Richard Pops, Alkermes CEO (Patrick T. Fallon/Bloomberg via Getty Images)

FDA doc­u­ments raise opi­oid abuse po­ten­tial but pave a path to­ward bad­ly-need­ed ap­proval for Alk­er­mes

Alk­er­mes’ lat­est at­tempt to get an in-house drug past the FDA seems to be go­ing bet­ter than the pre­vi­ous one.

The agency re­leased their as­sess­ment of ALKS-3831, the Irish biotech’s ex­per­i­men­tal drug for schiz­o­phre­nia and bipo­lar I dis­or­der, ahead of an ad­vi­so­ry com­mit­tee hear­ing Fri­day. And while FDA re­view­ers flagged at least one key is­sue, the doc­u­ments over­all point to a far eas­i­er path to ap­proval than Alk­er­mes faced the last time they went to reg­u­la­tors, when the re­jec­tion of a con­tro­ver­sial opi­oid for de­pres­sion helped trig­ger lay­offs and a strate­gic shift at the Richard Pops-led com­pa­ny.

“They read fair­ly be­nign,” Ever­core ISI’s Umer Raf­fat wrote in a note to in­vestors. “This bodes very well for ALKS head­ing in­to the Ad­Com.”

ALKS-3831 be­longed to a long-run­ning Alk­er­mes strat­e­gy to repack­age ex­ist­ing block­buster med­ica­tions in ways that made them safer or more ap­peal­ing. In this case, that meant com­bin­ing the Eli Lil­ly an­ti-psy­chot­ic Zyprexa with an opi­oid an­tag­o­nist in an ef­fort to mit­i­gate the weight gain the cur­rent drug can cause.

Po­ten­tial sales for the drug are mod­er­ate – SVB Leerink’s Marc Good­man pegged peak sales be­tween $250 mil­lion and $300 mil­lion – but an ap­proval would be key for a com­pa­ny whose stock has fall­en 75% over the last two years amid FDA re­jec­tions and mar­ket­ing prac­tices the agency said vi­o­lat­ed stan­dards.

Among the key ques­tions that mix posed for the FDA was what it would mean for pa­tients who used opi­oids. Re­view­ers not­ed that it could lead to with­draw­al in opi­oid-de­pen­dent pa­tients, or block the pain-re­liev­ing ef­fects of opi­oids in set­tings and for peo­ple who need it. It could, they wrote, even lead to over­dose if some­one tried to over­come the ef­fects of the an­tag­o­nist.

Alk­er­mes ex­clud­ed opi­oid users from their tri­als and have pro­posed slap­ping a la­bel that tells doc­tors not to pre­scribe the drug to those tak­ing opi­oids. The FDA, though, point­ed to da­ta that showed oth­er drugs not sup­posed to be giv­en to opi­oid users were in fact pre­scribed to them as much as 11% of the time, “sug­gest­ing that de­spite the pro­posed la­bel­ing in olan­za­p­ine/sami­dor­phan, con­cur­rent use of opi­oids could oc­cur in the pa­tient pop­u­la­tion.”

The FDA didn’t take a de­fin­i­tive stand on whether good la­bel­ing could re­solve these con­cerns, but an­a­lysts saw their dis­cus­sion as en­cour­ag­ing for Alk­er­mes.

The com­ments “were fair­ly bal­anced and not as neg­a­tive as it could have been,” SVB Leerink’s Marc Good­man wrote in a note to in­vestors, adding that the agency ap­pears to see the risk as con­fined to just a sub­set of the pa­tient pop­u­la­tion.

There were two oth­er con­cerns, as well, in­clud­ing whether Alk­er­mes ad­e­quate­ly char­ac­ter­ized the rest of the safe­ty pro­file for the drug. The agency large­ly agreed that there ap­peared to be no new safe­ty is­sues not seen in Zyprexa.

More press­ing, Good­man wrote, was the ques­tion of how the FDA would view the weight gain da­ta. The FDA has clear bench­marks for what war­rants ap­proval of a weight loss drug. Alk­er­mes, though, was not try­ing to show that ALKS-3831 in­duced weight loss but rather that it didn’t cause weight gain, and it was un­clear how the FDA would treat their da­ta.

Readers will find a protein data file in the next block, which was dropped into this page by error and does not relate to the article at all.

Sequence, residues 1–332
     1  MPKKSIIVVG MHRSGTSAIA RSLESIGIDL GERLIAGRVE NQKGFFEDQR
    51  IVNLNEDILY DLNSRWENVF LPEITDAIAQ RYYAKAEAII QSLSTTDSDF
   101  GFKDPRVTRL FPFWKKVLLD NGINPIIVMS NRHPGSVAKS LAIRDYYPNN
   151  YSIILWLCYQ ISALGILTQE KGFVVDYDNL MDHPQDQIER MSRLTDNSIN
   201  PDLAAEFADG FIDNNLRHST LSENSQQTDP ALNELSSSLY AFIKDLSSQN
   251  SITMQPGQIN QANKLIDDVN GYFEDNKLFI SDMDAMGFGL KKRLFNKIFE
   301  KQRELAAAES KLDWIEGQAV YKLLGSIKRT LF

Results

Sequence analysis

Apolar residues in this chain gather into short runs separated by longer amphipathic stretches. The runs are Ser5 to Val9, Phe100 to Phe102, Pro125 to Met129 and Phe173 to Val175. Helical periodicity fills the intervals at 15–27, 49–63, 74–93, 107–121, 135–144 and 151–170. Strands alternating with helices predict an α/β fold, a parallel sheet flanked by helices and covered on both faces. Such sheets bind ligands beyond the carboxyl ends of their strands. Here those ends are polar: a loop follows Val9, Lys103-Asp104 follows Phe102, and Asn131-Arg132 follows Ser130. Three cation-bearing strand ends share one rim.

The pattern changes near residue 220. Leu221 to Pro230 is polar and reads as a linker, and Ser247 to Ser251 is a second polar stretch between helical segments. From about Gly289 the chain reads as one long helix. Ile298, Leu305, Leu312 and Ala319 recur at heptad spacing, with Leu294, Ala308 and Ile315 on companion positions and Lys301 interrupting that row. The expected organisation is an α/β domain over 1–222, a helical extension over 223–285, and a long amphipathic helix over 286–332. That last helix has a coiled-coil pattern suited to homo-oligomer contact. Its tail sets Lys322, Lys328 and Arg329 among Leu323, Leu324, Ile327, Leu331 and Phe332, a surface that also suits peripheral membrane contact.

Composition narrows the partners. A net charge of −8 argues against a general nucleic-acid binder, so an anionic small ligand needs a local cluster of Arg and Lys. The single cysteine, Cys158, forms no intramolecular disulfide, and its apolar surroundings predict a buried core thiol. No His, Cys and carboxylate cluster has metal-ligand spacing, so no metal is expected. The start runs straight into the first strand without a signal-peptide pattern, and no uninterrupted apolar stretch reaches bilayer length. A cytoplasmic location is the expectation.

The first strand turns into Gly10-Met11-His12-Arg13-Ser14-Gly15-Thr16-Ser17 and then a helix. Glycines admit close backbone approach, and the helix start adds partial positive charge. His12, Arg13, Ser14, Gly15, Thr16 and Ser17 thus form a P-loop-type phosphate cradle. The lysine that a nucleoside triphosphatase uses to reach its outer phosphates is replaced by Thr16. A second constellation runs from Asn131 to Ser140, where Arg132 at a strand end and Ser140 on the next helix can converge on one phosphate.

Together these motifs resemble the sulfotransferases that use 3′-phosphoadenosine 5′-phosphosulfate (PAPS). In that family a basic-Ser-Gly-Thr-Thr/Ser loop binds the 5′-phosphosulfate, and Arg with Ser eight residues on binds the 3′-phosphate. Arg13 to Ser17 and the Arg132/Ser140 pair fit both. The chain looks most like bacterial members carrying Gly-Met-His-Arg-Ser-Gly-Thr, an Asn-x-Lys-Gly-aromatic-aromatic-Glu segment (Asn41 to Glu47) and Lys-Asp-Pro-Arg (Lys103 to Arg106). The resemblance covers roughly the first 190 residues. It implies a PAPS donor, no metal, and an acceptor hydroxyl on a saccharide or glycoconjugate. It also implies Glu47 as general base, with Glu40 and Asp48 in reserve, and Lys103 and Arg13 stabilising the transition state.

The FDA ac­knowl­edged that the two goals were dif­fer­ent, telling ad­vi­sors they can use the weight loss stan­dards as a “ref­er­ence” but that it “does not rep­re­sent the stan­dard for es­tab­lish­ing the con­tri­bu­tion of” ALKS-3831. Still, they left open ques­tions about how ben­e­fi­cial the drug was, not­ing that, while it curbed weight gain in stud­ies, it missed on oth­er meta­bol­ic end­points.

The com­mit­tee will con­vene Fri­day to dis­cuss the ques­tion, with an FDA de­ci­sion due by Nov. 15.

Charles Baum, Mirati CEO

Mi­rati plots a march to the FDA for its KRAS G12C drug, breath­ing down Am­gen’s neck with bet­ter da­ta

Mirati Therapeutics $MRTX took another closely-watched step toward a now clearly defined goal to file for an approval for its KRAS G12C cancer drug adagrasib (MRTX849), scoring a higher response rate than the last readout from the class-leading rival at Amgen but still leaving open a raft of important questions about its future.

Following a snapshot of the first handful of responses, where the drug scored a tumor response in 3 of 5 patients with non-small cell lung cancer, the response rate has now slid to 45% among a pooled group of 51 early-stage and Phase II patients, 43% — 6 of 14 — when looking solely at the Phase I/Ib. Those 14 patients had a median treatment duration of 8.2 months, with half still on therapy and 5 of 6 responders still in response.

Endpoints News

Keep reading Endpoints with a free subscription

Unlock this story instantly and join 92,400+ biopharma pros reading Endpoints daily — and it's free.

In his­toric Covid-19 ad­comm, vac­cine ex­perts de­bate a sea of ques­tions — but of­fer no clear an­swers

The most widely anticipated and perhaps most widely watched meeting in the FDA’s 113-year history ended late Thursday night with a score of questions and very few answers.

For nearly 9 hours, 18 different outside experts listened to public health agencies and foundations present how the United States’ Covid-19 vaccine program developed through October, and they debated where it should go from there: Were companies testing the right metrics in their massive trials? How long should they track patients before declaring a vaccine safe or effective? Should a vaccine, once authorized, be given to the volunteers in the placebo arm of a trial?

Endpoints News

Keep reading Endpoints with a free subscription

Unlock this story instantly and join 92,400+ biopharma pros reading Endpoints daily — and it's free.